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Lick Granulomas in Dogs

bth_IMG_11121-150x120A lick granuloma is an open sore on the skin caused by and perpetuated by constant licking. It is generally located on one of the legs, near the carpus (wrist) joint. Typically, the hair will be licked off and the area will be either raw and weeping or thickened and scar-like.

Lick granulomas usually begin with an itching or tingling sensation on the leg. The dogs respond to that by licking; this may serve to further increase the itching or tingling. Very shortly, a vicious cycle develops, creating a habit much like a child sucking its thumb. Even if the problem that initiated the itching or tingling sensation is gone, the habit of licking continues.

Breed Susceptibility

Certain breeds are more likely to get lick granulomas. They occur most commonly in German Shepherds, Doberman Pinschers, Great Danes, Labrador Retrievers, and Irish Setters, but it is possible in any breed. In addition, male dogs are twice as likely to do this when compared to female dogs.

Cause

There is no agreement on the reason that some dogs develop this compulsion to lick. There are three basic views on the subject. Some see it as a primary skin disorder. Some see it as a behavioral problem, and some see it as a neurologic disease involving the nerves in the area. It is likely that most lick granulomas have more than one cause or a single cause with one or more contributing problems.

Diagnosis

In most cases, the diagnosis is made based on the appearance and location of the lesion and the fact that the dog has a compulsion to lick the area. However, certain skin tumors, parasites, embedded foreign bodies, and allergies can create lesions that look very similar. In addition, trauma that causes bone fractures or nerve injury can also lead to constant licking, creating a similar lesion. Therefore, if the diagnosis is in doubt or if the dog does not respond well to initial treatment, fungal cultures, radiographs (x-rays), and biopsies may be recommended.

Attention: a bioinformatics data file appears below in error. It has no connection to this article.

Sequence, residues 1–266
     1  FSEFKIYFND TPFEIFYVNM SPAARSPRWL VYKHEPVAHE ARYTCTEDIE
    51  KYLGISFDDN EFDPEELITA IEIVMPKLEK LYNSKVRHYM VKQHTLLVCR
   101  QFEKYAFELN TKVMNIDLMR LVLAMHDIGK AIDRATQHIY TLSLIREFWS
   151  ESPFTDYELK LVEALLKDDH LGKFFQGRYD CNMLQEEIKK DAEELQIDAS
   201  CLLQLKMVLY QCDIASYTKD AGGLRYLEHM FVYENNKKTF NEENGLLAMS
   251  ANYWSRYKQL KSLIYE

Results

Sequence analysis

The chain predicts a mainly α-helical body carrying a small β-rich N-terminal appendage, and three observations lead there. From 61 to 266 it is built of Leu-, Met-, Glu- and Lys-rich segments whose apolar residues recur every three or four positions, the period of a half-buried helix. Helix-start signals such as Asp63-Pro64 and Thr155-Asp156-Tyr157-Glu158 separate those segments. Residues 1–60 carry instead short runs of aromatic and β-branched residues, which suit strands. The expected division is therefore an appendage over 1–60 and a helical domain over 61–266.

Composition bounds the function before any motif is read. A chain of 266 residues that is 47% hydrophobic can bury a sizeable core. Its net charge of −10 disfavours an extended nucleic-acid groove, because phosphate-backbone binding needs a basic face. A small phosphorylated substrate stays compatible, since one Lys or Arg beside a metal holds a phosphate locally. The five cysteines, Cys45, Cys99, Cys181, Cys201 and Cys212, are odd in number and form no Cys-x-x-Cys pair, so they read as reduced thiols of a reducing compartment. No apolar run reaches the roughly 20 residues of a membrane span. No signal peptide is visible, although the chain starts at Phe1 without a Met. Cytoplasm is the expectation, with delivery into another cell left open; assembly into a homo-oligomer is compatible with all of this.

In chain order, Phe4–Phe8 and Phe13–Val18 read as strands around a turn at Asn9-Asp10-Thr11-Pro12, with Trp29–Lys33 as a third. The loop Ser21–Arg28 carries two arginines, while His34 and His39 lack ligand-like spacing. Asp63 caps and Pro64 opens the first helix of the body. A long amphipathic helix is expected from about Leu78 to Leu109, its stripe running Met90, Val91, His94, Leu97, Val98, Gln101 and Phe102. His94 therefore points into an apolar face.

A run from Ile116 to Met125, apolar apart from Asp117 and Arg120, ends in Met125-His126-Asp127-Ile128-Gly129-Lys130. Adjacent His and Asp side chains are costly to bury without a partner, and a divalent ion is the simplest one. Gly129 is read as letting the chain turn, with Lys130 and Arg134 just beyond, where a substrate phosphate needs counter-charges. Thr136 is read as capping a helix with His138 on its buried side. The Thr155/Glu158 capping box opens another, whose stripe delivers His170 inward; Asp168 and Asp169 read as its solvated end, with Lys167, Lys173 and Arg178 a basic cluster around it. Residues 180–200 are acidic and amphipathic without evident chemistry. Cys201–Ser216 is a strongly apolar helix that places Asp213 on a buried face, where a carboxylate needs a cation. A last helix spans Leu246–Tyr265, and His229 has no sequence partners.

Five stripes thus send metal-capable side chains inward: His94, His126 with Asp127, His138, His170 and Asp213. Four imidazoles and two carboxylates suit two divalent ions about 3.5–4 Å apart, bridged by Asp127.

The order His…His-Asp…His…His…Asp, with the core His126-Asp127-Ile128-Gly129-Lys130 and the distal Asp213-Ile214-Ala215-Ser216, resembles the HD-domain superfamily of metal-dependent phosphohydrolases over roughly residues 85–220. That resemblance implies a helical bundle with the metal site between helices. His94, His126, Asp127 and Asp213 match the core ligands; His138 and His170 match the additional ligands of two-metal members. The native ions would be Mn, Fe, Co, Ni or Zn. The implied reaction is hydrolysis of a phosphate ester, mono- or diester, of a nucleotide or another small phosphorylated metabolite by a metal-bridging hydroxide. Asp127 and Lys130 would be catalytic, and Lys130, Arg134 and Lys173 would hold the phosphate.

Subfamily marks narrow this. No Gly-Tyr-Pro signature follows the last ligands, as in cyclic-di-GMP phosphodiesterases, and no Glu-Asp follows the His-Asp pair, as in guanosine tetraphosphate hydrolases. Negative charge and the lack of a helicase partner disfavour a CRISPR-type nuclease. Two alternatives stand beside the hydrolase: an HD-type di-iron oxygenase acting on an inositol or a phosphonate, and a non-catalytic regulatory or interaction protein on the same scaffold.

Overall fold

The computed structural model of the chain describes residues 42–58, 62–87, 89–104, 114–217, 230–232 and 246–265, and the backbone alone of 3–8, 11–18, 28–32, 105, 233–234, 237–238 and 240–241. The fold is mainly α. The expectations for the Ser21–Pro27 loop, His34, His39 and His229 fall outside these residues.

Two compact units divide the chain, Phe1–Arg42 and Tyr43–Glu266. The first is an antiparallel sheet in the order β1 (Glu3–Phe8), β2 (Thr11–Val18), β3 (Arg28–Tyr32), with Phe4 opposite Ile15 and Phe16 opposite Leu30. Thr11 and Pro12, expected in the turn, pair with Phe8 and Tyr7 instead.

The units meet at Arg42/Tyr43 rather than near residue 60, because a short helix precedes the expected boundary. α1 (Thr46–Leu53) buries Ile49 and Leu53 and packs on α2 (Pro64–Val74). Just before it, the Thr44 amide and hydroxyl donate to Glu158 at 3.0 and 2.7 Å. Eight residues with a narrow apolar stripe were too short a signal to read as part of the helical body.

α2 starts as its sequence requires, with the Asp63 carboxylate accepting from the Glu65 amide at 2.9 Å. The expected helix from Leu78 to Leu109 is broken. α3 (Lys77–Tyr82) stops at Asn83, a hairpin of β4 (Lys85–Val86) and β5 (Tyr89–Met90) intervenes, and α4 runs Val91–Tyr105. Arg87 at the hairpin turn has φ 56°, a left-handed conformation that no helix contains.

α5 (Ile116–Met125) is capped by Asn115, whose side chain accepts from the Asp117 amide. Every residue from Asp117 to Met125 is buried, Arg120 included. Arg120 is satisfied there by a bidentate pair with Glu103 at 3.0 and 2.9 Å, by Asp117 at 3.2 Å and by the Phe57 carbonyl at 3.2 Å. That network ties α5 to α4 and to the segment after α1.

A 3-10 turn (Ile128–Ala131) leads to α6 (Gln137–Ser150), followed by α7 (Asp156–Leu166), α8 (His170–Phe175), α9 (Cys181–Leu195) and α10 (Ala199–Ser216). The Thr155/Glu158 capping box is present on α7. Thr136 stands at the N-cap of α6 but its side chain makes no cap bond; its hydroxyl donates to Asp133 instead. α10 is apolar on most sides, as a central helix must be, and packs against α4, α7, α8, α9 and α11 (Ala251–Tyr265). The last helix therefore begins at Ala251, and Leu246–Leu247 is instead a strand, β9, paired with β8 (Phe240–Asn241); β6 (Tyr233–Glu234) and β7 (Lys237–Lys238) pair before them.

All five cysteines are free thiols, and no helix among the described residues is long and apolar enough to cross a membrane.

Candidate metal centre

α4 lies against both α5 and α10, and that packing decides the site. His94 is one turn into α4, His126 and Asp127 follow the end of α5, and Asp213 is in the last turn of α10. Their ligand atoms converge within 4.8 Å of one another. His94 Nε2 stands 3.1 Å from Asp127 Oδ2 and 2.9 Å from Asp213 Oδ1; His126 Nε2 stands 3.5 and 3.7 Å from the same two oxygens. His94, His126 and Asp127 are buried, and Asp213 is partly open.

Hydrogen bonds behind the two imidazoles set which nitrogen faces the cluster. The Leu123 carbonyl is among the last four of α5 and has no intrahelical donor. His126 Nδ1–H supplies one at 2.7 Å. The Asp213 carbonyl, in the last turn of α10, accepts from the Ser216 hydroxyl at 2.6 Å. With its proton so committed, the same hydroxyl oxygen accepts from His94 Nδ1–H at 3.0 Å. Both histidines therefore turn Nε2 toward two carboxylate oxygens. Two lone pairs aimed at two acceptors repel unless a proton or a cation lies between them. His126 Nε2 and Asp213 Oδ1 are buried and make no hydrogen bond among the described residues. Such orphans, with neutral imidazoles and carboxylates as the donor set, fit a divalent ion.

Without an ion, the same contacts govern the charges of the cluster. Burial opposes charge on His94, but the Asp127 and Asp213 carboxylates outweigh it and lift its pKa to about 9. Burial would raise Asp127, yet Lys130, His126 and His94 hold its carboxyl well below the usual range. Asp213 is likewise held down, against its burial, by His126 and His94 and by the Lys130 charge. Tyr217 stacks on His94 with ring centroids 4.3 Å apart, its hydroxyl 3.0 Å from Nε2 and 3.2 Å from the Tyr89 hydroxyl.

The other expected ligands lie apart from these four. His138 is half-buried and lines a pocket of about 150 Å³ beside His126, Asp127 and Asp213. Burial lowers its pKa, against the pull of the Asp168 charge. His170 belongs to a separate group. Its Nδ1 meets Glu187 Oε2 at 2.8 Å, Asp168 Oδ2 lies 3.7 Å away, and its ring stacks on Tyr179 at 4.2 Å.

Treatment

Many approaches have been taken to this problem, and none have been successful in all cases. Often, success is only achieved after several “trial-and-error” attempts have been made.

The approach to treatment generally begins by trying to eliminate potential psychological factors. Boredom and stress are important issues that should be addressed. It has been suggested that another dog be acquired to keep the affected dog distracted from the licking cycle. Since this approach may not be successful, it should be limited to situations in which acquisition of another dog has already been a consideration.

If no initiating cause can be found and eliminated, various medications are used. These fall into two categories: drugs to deaden feeling or relieve inflammation in the area and mood-altering drugs. In many cases, a drug in each category will be used simultaneously as a means of attacking the problem from both angles.

Some dogs respond best with combination drug therapy and the use of restraint collars. These collars are wide enough to obstruct the dog’s access to the lick granuloma. They may be needed for 6-8 weeks.

Many dogs develop secondary bacterial infections within the lick granuloma. Long-term antibiotic therapy of 6-8 weeks duration can be helpful in some situations.

Some rather aggressive and unusual treatments have been used with variable degrees of success; improvement is seen in 20-40% of cases. These alternative treatments include radiation therapy, surgical excision of the lesion, cryosurgery (freezing), and the injection of cobra antivenin.

Prognosis

This is one of the most difficult medical problems that happen to the dog. Because the initiating factor is usually not identified and because there is such a strong habit that forms, treatment can be very frustrating. Regardless of the initial treatment chosen, it is always possible that it will not be successful. If that happens, it is important that you communicate that to your veterinarian so another avenue can be pursued.